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Child Like Innocence?

Updated on March 29, 2012

Children, like the rich, are never innocent. For sheer, red-faced egocentric arrogance you cannot beat the newborn child. Only in very powerful and very rich old men will you see the sort of blank, unforgiving stare that comes from the eyes of everybody's baby but your own. Granted that the newly bathed and powdered infant, temporarily gurgling with sensory enjoyment and Freudian satisfaction does briefly look like a cheerful being, but this is only to delude its parents. They are the real innocents.

Delude them into believing that they are going to get a night's sleep, when in fact the little monster is planning to kill them both with insomnia. Freud was wrong, children want to kill both of their parents.

Let the little beggars grow up a bit, become independently mobile and it is soon apparent that all children arc natural vandals, by the side of whom Attila the Hun takes on the demure modesty of a Mother Superior. Books, china, carpets, wallpaper, furniture- they are all destroyed or disfigured with a speed and silent efficiency which makes Whelan the Wrecker look like the National Trust.

It was the Victorians who invented this idea of childhood innocence.

They were so incurably romantic that they found no inconsistency between oppressive child labor and the sentimental garbage about Little Nell and Little Lord Fauntleroy. And old daddy Wordsworth, the most gaga of the lake poets who should have been firmly booted into Lake Windermere, he wrote yards of pseudo theological daffodil-sodden pantheism about intimations of immortality from recollections of early childhood, telling us that 'not in entire forgetfulness and not in utter nakedness, but trailing', God help us, 'clouds of glory do we come'.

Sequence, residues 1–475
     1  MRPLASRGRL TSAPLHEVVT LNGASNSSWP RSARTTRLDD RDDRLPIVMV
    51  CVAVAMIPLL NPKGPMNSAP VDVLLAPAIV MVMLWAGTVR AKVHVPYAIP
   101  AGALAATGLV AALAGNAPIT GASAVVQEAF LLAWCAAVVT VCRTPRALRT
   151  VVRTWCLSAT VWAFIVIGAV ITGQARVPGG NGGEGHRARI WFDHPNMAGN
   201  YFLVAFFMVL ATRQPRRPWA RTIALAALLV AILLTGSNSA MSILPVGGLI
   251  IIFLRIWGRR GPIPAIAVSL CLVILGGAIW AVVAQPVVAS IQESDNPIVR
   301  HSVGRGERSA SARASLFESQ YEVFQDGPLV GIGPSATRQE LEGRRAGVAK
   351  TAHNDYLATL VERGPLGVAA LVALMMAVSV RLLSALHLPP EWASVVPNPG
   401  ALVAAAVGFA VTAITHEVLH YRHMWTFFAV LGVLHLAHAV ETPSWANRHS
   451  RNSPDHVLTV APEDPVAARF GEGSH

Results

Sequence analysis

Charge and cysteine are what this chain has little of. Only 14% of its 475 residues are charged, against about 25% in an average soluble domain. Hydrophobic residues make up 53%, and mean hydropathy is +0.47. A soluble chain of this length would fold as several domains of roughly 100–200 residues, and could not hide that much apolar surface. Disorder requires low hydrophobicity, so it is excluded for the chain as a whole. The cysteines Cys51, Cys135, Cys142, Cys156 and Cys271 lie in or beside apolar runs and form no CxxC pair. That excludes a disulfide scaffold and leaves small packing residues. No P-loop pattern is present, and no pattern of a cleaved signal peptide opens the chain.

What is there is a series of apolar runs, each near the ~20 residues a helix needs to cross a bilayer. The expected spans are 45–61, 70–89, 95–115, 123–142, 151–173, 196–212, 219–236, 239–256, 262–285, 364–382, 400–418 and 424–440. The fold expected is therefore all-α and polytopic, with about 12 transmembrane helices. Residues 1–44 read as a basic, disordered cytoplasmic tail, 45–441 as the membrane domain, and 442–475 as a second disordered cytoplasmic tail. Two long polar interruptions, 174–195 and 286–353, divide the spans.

'Heaven', he would say to his sister Dorothy, downing another pint of foaming brookwater, 'Heaven lies about us in our infancy'. One wonders where the man spent his own infancy. Though come to th ink of it, he was born in the aptly-named town of Cockermouth. But did young Will never look around a school playground? About as innocent as the New York branch of the Mafia. Every school has its own Cosa Nostra, an elite of thugs who take their simple pleasures in bullying the other children. Thank God we do eventually grow up , if we're lucky. But as for the innocence of childhood, I find myself, for once in agreement with the tougher and more traditional theologians, who stressed the fact of original sin.


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